DRUG THERAPY OF THE LACTATING WOMAN
The following should be considered before prescribing drugs to lactating women:
Is drug therapy really necessary? If drugs are required, consultation between the pediatrician and the mother's physician can be most useful in determining what options to choose.
The safest drug should be chosen, for example, acetaminophen rather than aspirin for analgesia.
If there is a possibility that a drug may present a risk to the infant, consideration should be given to measurement of blood concentrations in the nursing infant.
Drug exposure to the nursing infant may be minimized by having the mother take the medication just after she has breastfed the infant or just before the infant is due to have a lengthy sleep period.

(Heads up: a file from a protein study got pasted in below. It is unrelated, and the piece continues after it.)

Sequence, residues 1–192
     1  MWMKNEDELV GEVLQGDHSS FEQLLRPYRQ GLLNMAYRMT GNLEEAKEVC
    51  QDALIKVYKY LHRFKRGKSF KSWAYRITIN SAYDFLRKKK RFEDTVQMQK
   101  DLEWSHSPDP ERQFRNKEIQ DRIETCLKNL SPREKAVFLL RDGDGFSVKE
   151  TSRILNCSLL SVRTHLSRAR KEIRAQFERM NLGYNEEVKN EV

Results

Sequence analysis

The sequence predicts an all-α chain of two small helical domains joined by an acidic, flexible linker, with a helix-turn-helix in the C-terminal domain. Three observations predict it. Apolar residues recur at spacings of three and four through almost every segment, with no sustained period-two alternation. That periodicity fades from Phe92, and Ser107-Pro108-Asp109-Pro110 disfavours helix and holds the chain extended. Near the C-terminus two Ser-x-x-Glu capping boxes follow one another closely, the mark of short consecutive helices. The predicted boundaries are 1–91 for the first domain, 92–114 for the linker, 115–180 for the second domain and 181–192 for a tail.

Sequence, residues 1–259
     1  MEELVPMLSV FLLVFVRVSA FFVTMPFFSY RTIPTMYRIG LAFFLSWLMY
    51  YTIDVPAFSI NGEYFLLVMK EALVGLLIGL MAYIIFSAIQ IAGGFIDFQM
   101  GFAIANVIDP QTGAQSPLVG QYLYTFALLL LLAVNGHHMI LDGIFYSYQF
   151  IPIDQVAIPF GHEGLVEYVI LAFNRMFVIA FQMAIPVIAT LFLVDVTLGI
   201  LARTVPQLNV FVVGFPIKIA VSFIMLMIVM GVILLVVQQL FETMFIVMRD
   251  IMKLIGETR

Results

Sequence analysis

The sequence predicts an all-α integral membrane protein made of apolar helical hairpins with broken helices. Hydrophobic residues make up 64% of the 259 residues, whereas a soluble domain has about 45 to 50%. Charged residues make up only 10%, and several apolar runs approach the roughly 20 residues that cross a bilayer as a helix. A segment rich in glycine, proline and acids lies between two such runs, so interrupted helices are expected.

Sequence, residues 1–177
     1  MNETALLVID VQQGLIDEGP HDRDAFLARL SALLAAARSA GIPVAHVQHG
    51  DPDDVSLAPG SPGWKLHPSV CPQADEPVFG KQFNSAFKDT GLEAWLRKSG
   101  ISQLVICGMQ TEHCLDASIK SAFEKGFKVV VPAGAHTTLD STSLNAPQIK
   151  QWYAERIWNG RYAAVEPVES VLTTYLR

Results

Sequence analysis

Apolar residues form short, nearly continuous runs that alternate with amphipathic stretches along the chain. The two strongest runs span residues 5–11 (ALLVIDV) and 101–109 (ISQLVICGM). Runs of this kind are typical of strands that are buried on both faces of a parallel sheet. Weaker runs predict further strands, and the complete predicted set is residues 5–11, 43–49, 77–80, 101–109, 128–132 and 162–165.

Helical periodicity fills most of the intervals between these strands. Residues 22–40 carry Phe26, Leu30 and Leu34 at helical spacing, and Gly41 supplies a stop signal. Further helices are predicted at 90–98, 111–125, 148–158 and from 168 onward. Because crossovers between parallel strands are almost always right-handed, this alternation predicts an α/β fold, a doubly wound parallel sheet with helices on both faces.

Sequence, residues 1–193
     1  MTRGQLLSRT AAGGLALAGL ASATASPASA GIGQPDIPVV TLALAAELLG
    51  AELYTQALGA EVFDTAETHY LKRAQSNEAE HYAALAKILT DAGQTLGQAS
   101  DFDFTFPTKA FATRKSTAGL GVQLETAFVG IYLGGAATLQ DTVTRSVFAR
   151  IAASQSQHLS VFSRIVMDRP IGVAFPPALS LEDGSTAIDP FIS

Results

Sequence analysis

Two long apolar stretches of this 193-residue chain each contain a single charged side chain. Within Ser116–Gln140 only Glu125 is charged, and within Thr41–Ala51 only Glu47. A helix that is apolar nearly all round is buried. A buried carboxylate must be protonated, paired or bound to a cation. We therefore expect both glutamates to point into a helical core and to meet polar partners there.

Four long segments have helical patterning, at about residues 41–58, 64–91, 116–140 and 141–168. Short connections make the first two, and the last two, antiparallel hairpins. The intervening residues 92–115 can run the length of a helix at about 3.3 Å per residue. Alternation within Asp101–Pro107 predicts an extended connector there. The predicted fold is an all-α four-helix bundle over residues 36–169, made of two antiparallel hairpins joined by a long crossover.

Data have been obtained from a search of the medical literature. Because methodologies used to quantitate drugs in milk continue to improve, this information will require frequent updating. Drugs cited in Tables 1 through 7 are listed in alphabetical order by generic name; brand names are available from the current Physicians' Desk Reference,23USP DI 2001: Drug Information for the Health Care Professional, Volume I,24and USP Dictionary of USAN and International Drug Names.25 The reference list is not inclusive of all articles published on the topic.